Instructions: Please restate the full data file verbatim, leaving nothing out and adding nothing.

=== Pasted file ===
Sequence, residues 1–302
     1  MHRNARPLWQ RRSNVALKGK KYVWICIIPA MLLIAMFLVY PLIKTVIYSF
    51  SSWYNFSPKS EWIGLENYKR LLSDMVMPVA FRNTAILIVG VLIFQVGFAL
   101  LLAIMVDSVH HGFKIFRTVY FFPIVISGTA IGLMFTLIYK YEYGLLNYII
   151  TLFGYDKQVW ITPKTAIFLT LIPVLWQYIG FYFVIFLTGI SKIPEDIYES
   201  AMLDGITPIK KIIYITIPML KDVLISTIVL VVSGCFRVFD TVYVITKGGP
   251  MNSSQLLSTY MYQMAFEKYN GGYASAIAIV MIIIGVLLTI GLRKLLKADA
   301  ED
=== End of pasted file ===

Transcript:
Sequence, residues 1–302
     1  MHRNARPLWQ RRSNVALKGK KYVWICIIPA MLLIAMFLVY PLIKTVIYSF
    51  SSWYNFSPKS EWIGLENYKR LLSDMVMPVA FRNTAILIVG VLIFQVGFAL
   101  LLAIMVDSVH HGFKIFRTVY FFPIVISGTA IGLMFTLIYK YEYGLLNYII
   151  TLFGYDKQVW ITPKTAIFLT LIPVLWQYIG FYFVIFLTGI SKIPEDIYES
   201  AMLDGITPIK KIIYITIPML KDVLISTIVL VVSGCFRVFD TVYVITKGGP
   251  MNSSQLLSTY MYQMAFEKYN GGYASAIAIV MIIIGVLLTI GLRKLLKADA
   301  ED